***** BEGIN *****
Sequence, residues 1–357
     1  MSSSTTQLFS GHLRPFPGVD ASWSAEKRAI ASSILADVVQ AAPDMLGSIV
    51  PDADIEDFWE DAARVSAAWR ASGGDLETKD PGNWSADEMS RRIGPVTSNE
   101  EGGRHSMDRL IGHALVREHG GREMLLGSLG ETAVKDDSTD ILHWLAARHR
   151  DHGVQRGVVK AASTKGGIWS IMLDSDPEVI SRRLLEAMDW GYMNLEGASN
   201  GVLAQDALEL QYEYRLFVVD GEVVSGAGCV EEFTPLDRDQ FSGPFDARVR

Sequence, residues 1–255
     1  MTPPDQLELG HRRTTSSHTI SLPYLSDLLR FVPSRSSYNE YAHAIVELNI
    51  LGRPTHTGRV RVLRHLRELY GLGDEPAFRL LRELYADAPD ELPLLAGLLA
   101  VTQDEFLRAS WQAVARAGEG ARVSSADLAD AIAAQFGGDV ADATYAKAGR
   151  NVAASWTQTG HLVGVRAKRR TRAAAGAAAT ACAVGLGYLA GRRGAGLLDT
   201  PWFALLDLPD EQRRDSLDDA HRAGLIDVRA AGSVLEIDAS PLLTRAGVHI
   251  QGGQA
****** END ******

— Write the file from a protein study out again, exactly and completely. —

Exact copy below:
Sequence, residues 1–357
     1  MSSSTTQLFS GHLRPFPGVD ASWSAEKRAI ASSILADVVQ AAPDMLGSIV
    51  PDADIEDFWE DAARVSAAWR ASGGDLETKD PGNWSADEMS RRIGPVTSNE
   101  EGGRHSMDRL IGHALVREHG GREMLLGSLG ETAVKDDSTD ILHWLAARHR
   151  DHGVQRGVVK AASTKGGIWS IMLDSDPEVI SRRLLEAMDW GYMNLEGASN
   201  GVLAQDALEL QYEYRLFVVD GEVVSGAGCV EEFTPLDRDQ FSGPFDARVR

Sequence, residues 1–255
     1  MTPPDQLELG HRRTTSSHTI SLPYLSDLLR FVPSRSSYNE YAHAIVELNI
    51  LGRPTHTGRV RVLRHLRELY GLGDEPAFRL LRELYADAPD ELPLLAGLLA
   101  VTQDEFLRAS WQAVARAGEG ARVSSADLAD AIAAQFGGDV ADATYAKAGR
   151  NVAASWTQTG HLVGVRAKRR TRAAAGAAAT ACAVGLGYLA GRRGAGLLDT
   201  PWFALLDLPD EQRRDSLDDA HRAGLIDVRA AGSVLEIDAS PLLTRAGVHI
   251  QGGQA